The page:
Global Airline Capacity Overview

These are challenging times for the world and there are more important humanitarian issues to worry about this week that extend far beyond aviation. We know that the airline industry will do everything it can at every level, from the provision of free seats to the movement of aid when safe and practical. I’m sure OAG joins the whole airline community to pray for the thousands of people affected and for a rapid resolution of this terrible situation.

This week’s blog provides a high-level view of global airline capacity changes this week; more insights will follow as we understand the effect of sanctions across the industry.

Global capacity continues to hold above 82 million seats this week and this is now the fourth consecutive week when the industry has supplied more than 80 million suggesting a solid platform for future airline capacity growth over the summer season. In the same week in 2019, there were some 106 million seats on sale, so capacity remains some 23% below what was once considered the normal level of airline capacity; things are of course improving and more country markets are open as travel restrictions ease in destinations such as Singapore, Malaysia, and the United Arab Emirates.

Capacity continues to be added by airlines in many markets for the next three months suggesting that the second quarter of the year will be very strong. Week-on-week an additional 7.1 million seats were added for April and 9.1 million more for May making this one of the most positive weeks for forward capacity growth in a long time. Of course, demand remains the crucial measurement for airlines around the world and the increasing price of oil could soften demand in the coming months, we can but hope that the pent-up demand will not be impacted by any increases in fares.

Whilst airline capacity at a global level is pretty similar to last week there is, as always, some movement in the regional numbers although even here we are seeing increasing stability. Lower South America has reported growth of some 7% week-on-week as the Brazilian market bounces back from some recent declines and the Southwest Pacific continues its recovery with New Zealand opening for more international flights which will leave only China and Japan as markets with significant travel restrictions still in place. Two regional markets show declines in weekly capacity: North East Asia (-4.5%) and Eastern/Central Europe (-2.6%).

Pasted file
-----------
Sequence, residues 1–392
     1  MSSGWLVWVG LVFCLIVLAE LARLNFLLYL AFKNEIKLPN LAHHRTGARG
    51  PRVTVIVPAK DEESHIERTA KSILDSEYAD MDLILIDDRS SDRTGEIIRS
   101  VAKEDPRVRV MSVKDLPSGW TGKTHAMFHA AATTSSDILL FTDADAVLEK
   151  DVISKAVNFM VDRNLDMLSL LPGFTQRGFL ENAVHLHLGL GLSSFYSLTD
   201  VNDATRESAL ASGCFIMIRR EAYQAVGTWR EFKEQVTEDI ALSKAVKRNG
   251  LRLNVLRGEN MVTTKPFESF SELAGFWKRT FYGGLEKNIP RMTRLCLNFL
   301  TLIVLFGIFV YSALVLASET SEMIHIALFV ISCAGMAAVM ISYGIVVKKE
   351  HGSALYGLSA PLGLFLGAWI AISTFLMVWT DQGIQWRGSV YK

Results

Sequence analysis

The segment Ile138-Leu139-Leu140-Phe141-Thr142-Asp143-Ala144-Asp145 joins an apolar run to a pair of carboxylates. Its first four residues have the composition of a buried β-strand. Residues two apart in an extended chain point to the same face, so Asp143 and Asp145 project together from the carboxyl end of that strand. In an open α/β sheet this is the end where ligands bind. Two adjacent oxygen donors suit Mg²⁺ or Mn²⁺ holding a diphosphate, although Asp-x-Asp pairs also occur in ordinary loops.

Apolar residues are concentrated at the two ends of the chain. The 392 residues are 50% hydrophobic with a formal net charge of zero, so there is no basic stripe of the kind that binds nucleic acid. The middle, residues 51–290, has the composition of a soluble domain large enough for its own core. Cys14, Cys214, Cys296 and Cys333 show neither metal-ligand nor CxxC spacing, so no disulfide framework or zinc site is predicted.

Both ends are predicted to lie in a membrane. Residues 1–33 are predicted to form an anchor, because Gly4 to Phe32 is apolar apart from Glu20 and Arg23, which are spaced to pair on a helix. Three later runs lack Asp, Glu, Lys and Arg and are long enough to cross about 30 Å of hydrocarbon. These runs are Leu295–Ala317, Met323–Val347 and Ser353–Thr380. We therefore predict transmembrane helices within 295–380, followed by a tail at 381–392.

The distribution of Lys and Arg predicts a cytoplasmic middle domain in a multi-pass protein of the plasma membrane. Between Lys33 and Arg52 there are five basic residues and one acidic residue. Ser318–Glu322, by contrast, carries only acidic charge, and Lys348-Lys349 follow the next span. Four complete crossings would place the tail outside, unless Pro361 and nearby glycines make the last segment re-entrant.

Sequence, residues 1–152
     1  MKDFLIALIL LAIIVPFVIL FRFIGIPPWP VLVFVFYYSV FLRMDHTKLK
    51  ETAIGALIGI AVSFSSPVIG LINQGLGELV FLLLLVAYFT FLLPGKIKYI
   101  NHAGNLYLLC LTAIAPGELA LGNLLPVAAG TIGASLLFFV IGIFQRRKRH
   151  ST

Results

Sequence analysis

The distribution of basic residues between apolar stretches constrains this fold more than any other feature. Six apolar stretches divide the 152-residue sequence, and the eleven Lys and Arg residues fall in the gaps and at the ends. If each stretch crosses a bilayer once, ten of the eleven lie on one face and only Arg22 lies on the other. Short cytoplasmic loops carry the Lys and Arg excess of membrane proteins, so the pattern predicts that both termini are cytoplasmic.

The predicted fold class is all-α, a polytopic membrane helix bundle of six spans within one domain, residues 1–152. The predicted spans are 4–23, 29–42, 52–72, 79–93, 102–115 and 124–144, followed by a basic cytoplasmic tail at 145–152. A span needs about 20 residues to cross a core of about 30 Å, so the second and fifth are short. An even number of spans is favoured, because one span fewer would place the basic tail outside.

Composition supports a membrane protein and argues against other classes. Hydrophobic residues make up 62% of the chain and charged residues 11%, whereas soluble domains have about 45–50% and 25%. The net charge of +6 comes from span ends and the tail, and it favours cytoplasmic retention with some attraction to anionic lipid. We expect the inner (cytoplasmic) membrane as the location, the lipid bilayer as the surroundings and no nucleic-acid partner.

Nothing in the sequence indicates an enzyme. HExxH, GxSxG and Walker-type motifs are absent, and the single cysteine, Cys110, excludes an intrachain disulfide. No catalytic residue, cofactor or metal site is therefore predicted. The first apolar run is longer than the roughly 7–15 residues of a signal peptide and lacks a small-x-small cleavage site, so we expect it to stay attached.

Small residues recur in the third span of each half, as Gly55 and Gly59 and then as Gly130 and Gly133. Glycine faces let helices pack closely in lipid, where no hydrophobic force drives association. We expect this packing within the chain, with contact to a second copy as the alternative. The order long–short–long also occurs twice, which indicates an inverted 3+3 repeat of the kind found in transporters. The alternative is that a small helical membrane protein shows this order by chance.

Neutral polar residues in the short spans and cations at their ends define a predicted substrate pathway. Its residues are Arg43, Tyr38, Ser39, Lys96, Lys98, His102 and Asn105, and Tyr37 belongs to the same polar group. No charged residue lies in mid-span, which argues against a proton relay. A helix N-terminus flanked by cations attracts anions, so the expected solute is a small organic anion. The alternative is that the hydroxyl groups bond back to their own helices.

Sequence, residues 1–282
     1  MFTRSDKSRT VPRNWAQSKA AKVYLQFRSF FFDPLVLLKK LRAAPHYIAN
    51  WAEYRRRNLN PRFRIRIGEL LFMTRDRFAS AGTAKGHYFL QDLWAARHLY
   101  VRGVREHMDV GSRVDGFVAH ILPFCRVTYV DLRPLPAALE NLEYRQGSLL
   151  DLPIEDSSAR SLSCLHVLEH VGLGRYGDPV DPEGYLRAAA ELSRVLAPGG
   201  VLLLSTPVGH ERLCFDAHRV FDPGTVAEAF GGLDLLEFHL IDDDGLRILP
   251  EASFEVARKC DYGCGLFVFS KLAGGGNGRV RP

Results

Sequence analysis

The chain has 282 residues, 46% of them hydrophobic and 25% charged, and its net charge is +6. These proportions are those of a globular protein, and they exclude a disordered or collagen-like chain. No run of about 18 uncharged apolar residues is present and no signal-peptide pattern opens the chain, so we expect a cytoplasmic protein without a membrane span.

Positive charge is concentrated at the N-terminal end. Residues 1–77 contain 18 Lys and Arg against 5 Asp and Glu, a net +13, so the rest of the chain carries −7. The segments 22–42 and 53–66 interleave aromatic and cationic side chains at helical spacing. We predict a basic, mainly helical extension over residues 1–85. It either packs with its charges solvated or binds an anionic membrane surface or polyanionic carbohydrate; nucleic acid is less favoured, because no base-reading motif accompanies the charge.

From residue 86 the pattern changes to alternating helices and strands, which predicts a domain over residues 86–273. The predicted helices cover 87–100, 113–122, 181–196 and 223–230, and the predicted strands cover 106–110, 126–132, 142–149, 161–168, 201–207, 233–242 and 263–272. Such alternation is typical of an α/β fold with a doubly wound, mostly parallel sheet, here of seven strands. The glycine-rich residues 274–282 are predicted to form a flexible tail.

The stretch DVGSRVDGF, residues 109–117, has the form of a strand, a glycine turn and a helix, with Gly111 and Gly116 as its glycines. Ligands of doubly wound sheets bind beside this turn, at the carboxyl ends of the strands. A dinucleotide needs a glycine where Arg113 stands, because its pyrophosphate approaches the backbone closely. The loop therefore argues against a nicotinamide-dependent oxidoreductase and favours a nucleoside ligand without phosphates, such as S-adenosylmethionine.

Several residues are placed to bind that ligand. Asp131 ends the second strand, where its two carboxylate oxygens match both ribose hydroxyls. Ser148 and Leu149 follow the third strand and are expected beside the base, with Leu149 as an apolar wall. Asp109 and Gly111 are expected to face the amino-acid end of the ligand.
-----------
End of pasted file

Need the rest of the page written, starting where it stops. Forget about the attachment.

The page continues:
Drawing comparison against the March 2019 weekly capacity every regional market in the world now has at least 50% of capacity back up and running, South East Asia and the Southwest Pacific both of which continue to ease restrictions and will improve their relative performance in the next few weeks.

The global top twenty country markets remain unchanged as they have done for a few weeks now, but as always there is some movement within the chart. Brazil for instance jumps above the United Kingdom on the back of an 11% increase in weekly seats.

There are no significant movements amongst the airline top 20 this week. US-based carriers hold four of the top five positions followed by Ryanair who are now offering over 11% more seats than in 2019 making them a rare operator as the recovery continues. The other airline in the top 20 that is now operating more capacity than in 2019 is Indigo, the Indian low-cost carrier and it is probably no coincidence that both airlines are market leaders in their respective geographic low-cost markets. For legacy airlines recovering capacity share in the short-haul point-to-point markets is going to be extremely challenging this summer with operating costs increasing and more and more low-cost capacity around.

Stay safe everyone.